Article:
Reliever Anthony Swarzak, who went on the disabled list on April 2 with a left oblique strain, pitched a scoreless inning on a rehab assignment for the 51s on Tuesday.
It was his first time facing hitters since suffering the injury on March 31.
“I felt OK,” he said. “There’s some work to be done. I felt like this is right where I need to be. It’s nice to be able to face hitters at this level because I’m going to get instant feedback on if I’m headed in the right direction or not because these hitters are pretty good so I’m going to try to do everything I can to get myself game ready for the big leagues.”
Swarzak gave up a bunt hit in his outing and struck out two.
“I think that I just need to locate better,” he said. “You could look at the results today and say ‘Oh, you probably located well,’ but I know that it needs to better than that if I’m going to get big outs in the big leagues.”
Manager Tony DeFrancesco said he would pitch again Friday and Sunday in Reno.
“I don’t feel anything at all, no discomfort, nothing out of the ordinary,” Swarzak said. “I know I’m going to continue to feel this way and get stronger and get closer to where I know I can be.”
Las Vegan Church retires
A day after starting for the 51s for the first time, Las Vegan Andrew Church retired from baseball on Monday.
Church was the Mets second-round pick in 2013. He had just reached Triple-A after starting the season at Double-A Binghamton.
Pitcher Andrew Church, the Mets second-round draft pick in 2013, has retired. Church, a Las Vegan, is a Basic High School grad.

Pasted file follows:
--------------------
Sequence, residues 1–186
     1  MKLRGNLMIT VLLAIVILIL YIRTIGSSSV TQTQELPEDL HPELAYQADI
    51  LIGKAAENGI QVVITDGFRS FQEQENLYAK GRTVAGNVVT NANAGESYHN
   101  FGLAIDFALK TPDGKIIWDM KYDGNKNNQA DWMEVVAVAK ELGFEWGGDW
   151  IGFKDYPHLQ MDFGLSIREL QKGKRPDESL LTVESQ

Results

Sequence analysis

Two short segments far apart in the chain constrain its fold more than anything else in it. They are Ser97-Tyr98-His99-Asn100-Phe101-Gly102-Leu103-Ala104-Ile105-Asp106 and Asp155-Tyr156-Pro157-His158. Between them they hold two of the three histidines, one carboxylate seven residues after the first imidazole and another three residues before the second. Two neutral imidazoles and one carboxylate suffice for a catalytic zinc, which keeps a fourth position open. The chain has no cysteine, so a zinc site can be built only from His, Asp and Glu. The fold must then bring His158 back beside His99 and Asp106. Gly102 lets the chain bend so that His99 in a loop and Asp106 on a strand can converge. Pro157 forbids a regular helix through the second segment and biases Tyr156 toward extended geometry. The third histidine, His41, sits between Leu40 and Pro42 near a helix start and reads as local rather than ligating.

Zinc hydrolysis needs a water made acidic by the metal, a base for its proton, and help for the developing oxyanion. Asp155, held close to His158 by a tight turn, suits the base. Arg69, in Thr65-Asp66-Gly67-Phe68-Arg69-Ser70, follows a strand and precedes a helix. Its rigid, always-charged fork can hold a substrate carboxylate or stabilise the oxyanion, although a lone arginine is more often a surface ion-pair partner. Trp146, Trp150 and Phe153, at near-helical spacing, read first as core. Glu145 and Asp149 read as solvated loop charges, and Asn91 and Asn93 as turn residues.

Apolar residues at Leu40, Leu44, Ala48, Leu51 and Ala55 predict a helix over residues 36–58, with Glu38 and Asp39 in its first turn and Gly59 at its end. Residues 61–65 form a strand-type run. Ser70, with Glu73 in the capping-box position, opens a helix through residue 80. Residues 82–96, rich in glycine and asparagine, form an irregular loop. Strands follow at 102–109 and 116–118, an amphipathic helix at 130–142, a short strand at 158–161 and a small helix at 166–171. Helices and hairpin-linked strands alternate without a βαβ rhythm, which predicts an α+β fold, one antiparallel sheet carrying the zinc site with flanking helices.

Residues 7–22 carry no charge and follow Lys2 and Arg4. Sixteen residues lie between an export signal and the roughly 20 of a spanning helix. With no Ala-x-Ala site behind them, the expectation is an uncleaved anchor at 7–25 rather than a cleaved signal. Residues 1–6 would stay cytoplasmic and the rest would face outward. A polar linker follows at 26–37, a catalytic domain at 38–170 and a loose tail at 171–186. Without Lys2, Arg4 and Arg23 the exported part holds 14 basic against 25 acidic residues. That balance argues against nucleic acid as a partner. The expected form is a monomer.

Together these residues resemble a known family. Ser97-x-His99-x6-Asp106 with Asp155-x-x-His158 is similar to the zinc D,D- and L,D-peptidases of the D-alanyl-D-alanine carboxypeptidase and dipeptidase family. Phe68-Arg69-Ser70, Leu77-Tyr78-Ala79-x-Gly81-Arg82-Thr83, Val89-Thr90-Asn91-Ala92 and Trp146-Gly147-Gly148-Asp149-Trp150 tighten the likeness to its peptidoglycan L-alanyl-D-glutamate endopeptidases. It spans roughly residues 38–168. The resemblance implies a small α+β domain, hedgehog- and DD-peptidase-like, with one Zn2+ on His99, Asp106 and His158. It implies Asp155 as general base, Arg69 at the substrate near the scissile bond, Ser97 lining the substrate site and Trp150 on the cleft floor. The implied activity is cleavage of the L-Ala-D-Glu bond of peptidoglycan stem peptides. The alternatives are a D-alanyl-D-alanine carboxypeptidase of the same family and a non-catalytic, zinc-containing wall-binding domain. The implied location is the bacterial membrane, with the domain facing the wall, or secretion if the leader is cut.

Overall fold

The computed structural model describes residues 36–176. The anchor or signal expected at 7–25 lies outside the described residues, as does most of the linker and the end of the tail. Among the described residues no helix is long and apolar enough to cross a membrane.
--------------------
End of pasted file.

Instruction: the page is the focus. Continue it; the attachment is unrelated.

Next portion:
— Betsy Helfand (@betsyhelfand) May 29, 2018
“He signed out of high school. He told me he just didn’t have a passion for it,” pitching coach Glenn Abbott said. “And I told him, I said, “I admire you for making that decision. If you don’t have the fire, you’ll never get where you want to go.’ He’s got a wife and …. baby and he just wants to get on with his life”
Church, who lives in Summerlin with his wife and five-month old, Roman, spent a year at Bishop Gorman, two at Palo Verde and graduated from Basic.
He was 30-30 with a 4.73 ERA in parts of six minor league seasons in the Mets’ system. Sunday, he made his first start in his hometown in front of family members at Cashman Field, a stadium at which he grew up attending games.
“I’ve wanted to do this since I got drafted,” he said Sunday. “I’m glad it’s finally happened.”
Church said he hadn’t seen his young son since spring training and seemed excited to be home to be around him more.
“That’s the best thing that could have happened,” he said. “…. He’s grown tremendously since (spring training). Being able to wake up in the morning and hang out with him, just seeing (him), it’s amazing.”